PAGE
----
In her debut novel, “The Northern Reach,” ninth-generation Mainer W.S. Winslow records the hope, fears, resentments and regrets of four families in one small fictional Maine town, across the span of a century.

A novel in stories, the book opens in 1977 Wellbridge, Maine, with the embittered and increasingly demented Edith Baines staring out her windows at a full-sailed schooner that doesn’t move, despite the howling wind and the insistent current out in the Northern Reach. She meditates on the one-year anniversary of the boating accident that killed her lobster fisherman husband and one of their sons – Mason, Edith’s favorite of the two.

The opening chapter sets the dark tone for the novel as a whole. Edith thinks poisonous thoughts about almost everyone, even her dead husband. “In forty-eight years together they were seldom completely miserable.”

Edith hates her daughter-in-law Margery and is perpetually disappointed in Eldridge, her surviving son. The immobile vessel calls to her, to the point where she runs into the surf on a dark winter night.

The narrative then moves backward to Edith’s youth, when she fell under the seductive spell of local bad boy Royal Edgecomb and learned how good it feels to be bad – and how bad it feels to experience an unwanted pregnancy.

Other characters dominate additional chapters as they unfold. Frank Lawson, the illegitimate son of a prominent business man, travels to Bangor to claim his birthright, only to be spurned by his blood kin. He grows into an abusive father who pushes his own son into leaving home to fight World War II.


A chapter is devoted to the plight of Liliane Baines, wife of Edith’s son Mason who’d been, in 1966, an American merchant mariner. A native of France, Liliane grates under the scrutiny of her mother-in-law and enjoys the company of a new male neighbor who knows how to make a good cassoulet and scandalizes the locals by bringing the wrong kind of salad to a pot-luck dinner.

Edith is always good for an icy put-down that reveals more about herself than she could imagine. Liliane possesses enough sense of humor to weather her mother-in-law’s sarcasm.

With its fractured chronology, “The Northern Reach” takes its time in building any kind of narrative velocity, sometimes seeming to move as swiftly as that suspended schooner Edith has been staring at all night. The mood is frequently grim, and when there is humor, it’s usually of a jet-black variety.

Some readers will be reminded of Elizabeth Strout’s Olive Kittredge books. There’s no one central character here, but there are deep familial and social connections among the cast. Lawsons, Baineses, Moodys and Martins dominate the dramatis personae, but the family trees have plenty of offshoots.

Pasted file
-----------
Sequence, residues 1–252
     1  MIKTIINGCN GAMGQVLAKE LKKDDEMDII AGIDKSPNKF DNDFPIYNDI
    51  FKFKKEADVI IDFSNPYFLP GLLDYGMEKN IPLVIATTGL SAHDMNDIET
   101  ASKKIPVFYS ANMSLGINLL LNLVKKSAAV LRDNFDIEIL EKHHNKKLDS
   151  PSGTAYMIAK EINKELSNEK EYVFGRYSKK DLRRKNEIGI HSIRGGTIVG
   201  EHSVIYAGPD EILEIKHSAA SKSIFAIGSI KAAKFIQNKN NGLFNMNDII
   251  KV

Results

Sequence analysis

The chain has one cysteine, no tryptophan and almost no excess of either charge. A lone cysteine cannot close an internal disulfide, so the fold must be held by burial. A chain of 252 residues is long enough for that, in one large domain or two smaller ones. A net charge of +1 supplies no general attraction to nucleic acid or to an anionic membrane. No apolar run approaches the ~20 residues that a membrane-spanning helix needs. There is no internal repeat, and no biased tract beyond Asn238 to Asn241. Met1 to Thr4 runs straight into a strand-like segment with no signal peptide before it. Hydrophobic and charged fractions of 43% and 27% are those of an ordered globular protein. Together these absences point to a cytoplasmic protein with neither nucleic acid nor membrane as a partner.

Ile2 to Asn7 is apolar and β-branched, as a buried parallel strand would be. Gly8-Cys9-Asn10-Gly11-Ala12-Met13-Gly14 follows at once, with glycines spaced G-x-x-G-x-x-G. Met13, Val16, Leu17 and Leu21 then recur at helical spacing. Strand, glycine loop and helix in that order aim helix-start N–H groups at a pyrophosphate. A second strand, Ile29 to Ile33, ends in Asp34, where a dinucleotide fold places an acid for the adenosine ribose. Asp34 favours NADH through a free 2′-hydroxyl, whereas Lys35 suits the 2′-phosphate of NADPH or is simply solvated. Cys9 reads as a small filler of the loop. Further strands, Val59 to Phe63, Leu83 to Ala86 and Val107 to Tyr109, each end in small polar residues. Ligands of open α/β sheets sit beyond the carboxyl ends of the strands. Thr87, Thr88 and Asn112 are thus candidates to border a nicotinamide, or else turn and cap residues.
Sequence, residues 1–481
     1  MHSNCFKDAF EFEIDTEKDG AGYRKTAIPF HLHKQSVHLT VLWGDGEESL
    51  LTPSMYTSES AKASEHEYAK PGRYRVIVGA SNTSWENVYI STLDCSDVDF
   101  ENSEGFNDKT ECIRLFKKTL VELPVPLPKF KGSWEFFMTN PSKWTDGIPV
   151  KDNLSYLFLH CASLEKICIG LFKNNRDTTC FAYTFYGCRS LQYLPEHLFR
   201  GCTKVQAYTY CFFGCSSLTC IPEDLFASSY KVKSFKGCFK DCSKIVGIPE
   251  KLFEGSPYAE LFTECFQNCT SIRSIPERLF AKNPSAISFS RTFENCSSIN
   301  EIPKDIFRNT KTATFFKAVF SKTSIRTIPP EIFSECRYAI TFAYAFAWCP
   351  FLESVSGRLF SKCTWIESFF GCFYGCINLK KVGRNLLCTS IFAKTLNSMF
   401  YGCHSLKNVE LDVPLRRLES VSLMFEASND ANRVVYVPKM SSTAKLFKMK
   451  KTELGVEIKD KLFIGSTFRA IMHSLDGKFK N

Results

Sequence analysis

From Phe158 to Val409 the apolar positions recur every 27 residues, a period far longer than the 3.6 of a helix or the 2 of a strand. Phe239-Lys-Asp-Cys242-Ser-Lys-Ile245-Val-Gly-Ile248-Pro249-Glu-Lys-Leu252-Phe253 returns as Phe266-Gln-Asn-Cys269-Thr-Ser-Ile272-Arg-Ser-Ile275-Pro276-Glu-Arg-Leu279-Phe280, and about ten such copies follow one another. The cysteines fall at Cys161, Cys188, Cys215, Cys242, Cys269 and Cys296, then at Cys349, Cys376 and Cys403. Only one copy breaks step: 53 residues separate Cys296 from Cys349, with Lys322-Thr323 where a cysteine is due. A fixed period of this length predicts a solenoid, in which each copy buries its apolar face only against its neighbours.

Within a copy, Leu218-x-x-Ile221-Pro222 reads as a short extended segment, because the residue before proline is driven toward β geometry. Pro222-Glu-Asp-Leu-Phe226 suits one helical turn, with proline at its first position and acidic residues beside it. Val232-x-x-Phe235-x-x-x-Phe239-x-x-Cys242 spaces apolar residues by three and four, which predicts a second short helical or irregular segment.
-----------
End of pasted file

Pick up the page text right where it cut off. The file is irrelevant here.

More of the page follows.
The supernatural seems to impinge more strongly as the narrative unfolds. In later chapters, the reality of life after death is undisputed, as Alice Culligan witnesses her own demise and follows her corpse as it moves physically to its ultimate disposal. She also hears her children reveal secrets about themselves, their father and Alice herself. The chapter plays out like Tom and Huck attending their own funerals, with a Down East supernatural twist.

Winslow seems to loosen up when trafficking with ghosts. Maybe there’s something about the afterlife that appeals to her, the artificiality of the situations allowing her to let her imagination travel far. Her account of the haunting of Albert Edgecomb is both funny and scary. She writes: “Mother rattling the kitchen pots, Uncle Hartwell stomping around the attic where he shot himself, and that homely red-haired girl in her bloody pinafore, just standing at the foot of Albert’s bed, picking her nose. At least she’s quiet.”


“The Northern Reach” is an ambitious novel, and by the final chapter, in which Mason Baines’ daughter returns to her hometown, it has more than rewarded the time it takes to read these tales. Winslow’s ambition should be celebrated, but the novel might have benefited from a simpler structure that would not have required a series of family trees to follow.

Winslow roots Wellbridge firmly in place along the Maine coast, a town not to be found on any map but alive with verisimilitude and free from cliché. She knows this imaginary town well and understands its people deeply. She captures her characters at their best and their worst, reflecting the aching humanity of their plights and dilemmas. With precision, she points out issues of class, religion and ethnicity. The locals are suspicious of the high falutin’ airs and imprecise accents of the French Canadians in town. Everyone scrabbles for money, and everyone has a different opinion of how much alcohol their neighbors drink.

Poetic, harrowing, knowing and keenly observed, “The Northern Reach” has much to recommend it. Winslow is off to a creditable start as a novelist. Her vision of the past and its consequences for the present are achingly familiar, yet still freshly unique.

Berkeley writer Michael Berry is a Portsmouth, New Hampshire, native who has contributed to Salon, the San Francisco Chronicle, New Hampshire Magazine, the Los Angeles Review of Books and many other publications. He can be contacted at:

Twitter: mlberry

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